Toffee Apple Crumble with Homemade Custard – Recipe

Tomorrow night is Guy Fawkes Night, or Bonfire Night, or Fireworks Night- whichever. All I know is it's the time of bonfires, fireworks (no sh*t, Sherlock), bangers and mash with fried onions and toffee apples. So, I made my family a three-course dinner for the 'eve' (since tomorrow is a Monday and there won't be time after work to do a three course dinner). I made pumpkin soup, cracked black pepper beef bangers (made by my good friend J Sainsbury) with carrot, swede and parsnip puree and sesame fried onions, and for dessert, my ultra-seasonal take on an autumnal English pudding- a toffee apple crumble.

See how I made this below!

Ingredients for Crumble Topping:
- 1 Cup rolled oats
- 1 1/5 Cups plain flour
- 1/2 Block (about 4oz) Cold unsalted butter, cubed/ chopped
- 3tbsp Demerara sugar
- 1tsp each ground cinnamon and nutmeg
- 1 pinch salt

Ingredients for Toffee Sauce:
- 1/4 Cup dark muscavado sugar
- 2tbsp Golden syrup
- 1tbsp Black treacle
- 1tbsp Salted (trust me) butter
- 2tbsp Milk

Ingredients for Filling:
- 3 Cooking (bramley) apples
- 1tbsp Plain flour
- 1tbsp lemon juice
- 2tbsp Golden caster sugar
- 1/2 Packet mini fudge chunks (optional- I just happened to have these floating around and it seemed like a good idea)

Ingredients for Custard:
 - 300ml Milk
- 200ml Cream (I used Elmlea light hoping to make a dent in the calorie count...)
- 2 Whole eggs (Yes, you don't have to use just yolks here!)
- 2 Level tbsp cornflour
- 2tbsp Caster sugar
- 2tsp Vanilla bean paste (or just the extract- I like seeing the little seedy things in custard)


1) Preheat that oven! Set it to 180 degrees C.

2) Grease a large dish- I used the butter wrapper since I already had half a block to use up for this recipe.

3) Get stuck in with the crumble: rub the butter in with the oats and flour with the tips of your fingers until it's crumbly, but chunkily so (*then* you can toss in the sugar, spices and salt):

 4) Make the toffee: put all the ingredients for the toffee in a small pan and bring to a gentle boil. You can swirl it in the pan occasionally, but don't stir it to avoid it crystallising and going gritty. Boil it for about two minutes, then take it off the heat to stop it from burning.


5) Peel, core and chop the apples to layer in your dish. You want them with a bit of bite, but not so thick that they won't cook properly. Every so often when layering, sprinkle with lemon juice to stop the apples from going brown, and sprinkle the flour and sugar (the flour will help thicken the toffee when you put it all in the oven, because the lemon and apple juices will thin it out to begin with). Don't be tempted to add more sugar- we have a loooot of toffee to pour on in a bit.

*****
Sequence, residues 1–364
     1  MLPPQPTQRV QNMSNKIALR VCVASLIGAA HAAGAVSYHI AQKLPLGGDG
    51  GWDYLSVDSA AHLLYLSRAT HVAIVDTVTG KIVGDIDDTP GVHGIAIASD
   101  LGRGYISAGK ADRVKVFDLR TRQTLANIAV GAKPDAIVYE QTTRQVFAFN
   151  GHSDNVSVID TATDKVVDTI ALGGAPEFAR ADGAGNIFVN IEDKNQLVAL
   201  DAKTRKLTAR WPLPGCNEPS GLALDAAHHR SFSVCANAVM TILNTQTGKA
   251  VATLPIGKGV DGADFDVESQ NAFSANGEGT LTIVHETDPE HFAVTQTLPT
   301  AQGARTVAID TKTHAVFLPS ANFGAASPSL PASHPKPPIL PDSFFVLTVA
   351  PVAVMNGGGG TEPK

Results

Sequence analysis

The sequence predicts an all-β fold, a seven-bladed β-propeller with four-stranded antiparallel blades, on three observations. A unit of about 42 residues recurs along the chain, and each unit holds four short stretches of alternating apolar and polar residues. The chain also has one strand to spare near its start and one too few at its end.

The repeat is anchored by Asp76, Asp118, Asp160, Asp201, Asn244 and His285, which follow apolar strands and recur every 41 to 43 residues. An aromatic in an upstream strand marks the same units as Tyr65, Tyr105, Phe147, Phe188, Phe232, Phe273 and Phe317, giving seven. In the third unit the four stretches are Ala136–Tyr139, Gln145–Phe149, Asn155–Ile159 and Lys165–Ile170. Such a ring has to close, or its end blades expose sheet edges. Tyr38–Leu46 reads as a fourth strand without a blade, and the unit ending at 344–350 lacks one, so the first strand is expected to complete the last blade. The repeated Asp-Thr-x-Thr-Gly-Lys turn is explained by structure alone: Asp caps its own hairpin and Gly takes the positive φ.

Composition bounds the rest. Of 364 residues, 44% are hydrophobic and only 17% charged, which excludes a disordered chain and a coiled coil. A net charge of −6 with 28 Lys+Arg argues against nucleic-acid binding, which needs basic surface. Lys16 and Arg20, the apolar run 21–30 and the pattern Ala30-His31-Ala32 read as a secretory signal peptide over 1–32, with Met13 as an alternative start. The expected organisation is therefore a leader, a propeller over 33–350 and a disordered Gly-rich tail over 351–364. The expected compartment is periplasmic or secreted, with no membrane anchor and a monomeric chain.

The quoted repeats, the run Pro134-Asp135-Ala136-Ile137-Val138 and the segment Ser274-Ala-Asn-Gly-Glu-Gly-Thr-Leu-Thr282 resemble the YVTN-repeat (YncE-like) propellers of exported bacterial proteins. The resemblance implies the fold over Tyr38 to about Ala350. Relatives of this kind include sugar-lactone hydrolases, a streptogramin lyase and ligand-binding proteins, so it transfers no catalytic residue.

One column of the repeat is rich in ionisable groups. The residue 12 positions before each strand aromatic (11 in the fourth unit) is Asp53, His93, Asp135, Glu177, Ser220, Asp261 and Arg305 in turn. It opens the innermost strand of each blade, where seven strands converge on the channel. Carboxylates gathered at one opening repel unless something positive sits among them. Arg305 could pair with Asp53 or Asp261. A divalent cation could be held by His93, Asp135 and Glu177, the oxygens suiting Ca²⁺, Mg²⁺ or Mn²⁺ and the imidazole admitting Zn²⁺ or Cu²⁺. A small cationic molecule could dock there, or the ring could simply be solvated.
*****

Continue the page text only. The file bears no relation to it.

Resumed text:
6) (Please excuse sporadic photo formatting, Blogger was being difficult). Evenly pour over your toffee, and sprinkle the fudge chunks over. You'll be forgiven if a chunk or two never makes it to the crumble...

7) Sprinkle your crumble over, and put it in the oven! Bake for about 45 minutes. It'll be bubbling very invitingly.

Now you're ready to make the custard! You may want to keep your crumble in the turned-off oven to keep it hot. I just took mine out because I had to make the rest of dinner (I made everything but the custard a few hours in advance).

To make the custard:

1) Whisk the two eggs and the cornflour together thoroughly.

2) Boil the milk and cream, sugar and vanilla- watch out! It may take a while to get bubbling, but it'll boil over very suddenly if you're not on the ball.

When it bubbles like this, watch it like a hawk.

 3) As soon as it starts a roiling boil (when it begins to puff up like it's going to boil over), pour it into your beaten eggs and WHISK LIKE FURY to help avoid scrambling the eggs.

4) This is partially awesome, partially embarrassing... step 4 was meant to be 'put mixture back into a pan and stir over a low heat until thickened', but it turns out that my cream mixture was so hot it 'custardified' almost as soon as it was whisked into the eggs. I could say it was all part of my masterful plan, but I'd be lying. So if pouring the cream into the egg mixture works for you, great! If not: pour back into the pan and stir over a low heat to thicken. It should work again though- I think it was the egg whites (see my note at the end of the blog).

5) Pour into a jug and cover it with clingfilm so that the clingfilm is touching the surface to stop a skin from forming whilst you retrieve your crumble and dish it out.



About using whole eggs in a custard: usually the traditional custard uses egg yolks and cream, but I cut the cream content and made a lighter mixture with cream (or rather, Elmlea) and milk, and used two whole eggs instead of four egg yolks (I think that'd be the correct amount- I could be wrong), without really knowing if it'd work. I just didn't want to have to freeze yet more egg whites, but I didn't want to be wasteful throw them away either.

Well, it worked- far better than I could have ever hoped for, in fact. And the egg whites seem to help thicken and set the custard faster, as shown in the almost non-existent step 4 from 3. It was just as silky and creamy as a full-cream yolk-only custard, so I'd call that a success.

Want to see the starter and main courses? I'm afraid I didn't really make an effort with presentation, though (mind you, crumble isn't exactly easy to present in a Michelin star way, either).

Pumpkin soup with nutmeg
Beef bangers with carrot, swede and parsnip puree, sesame fried onions (and served with plenty of gravy and mustard)


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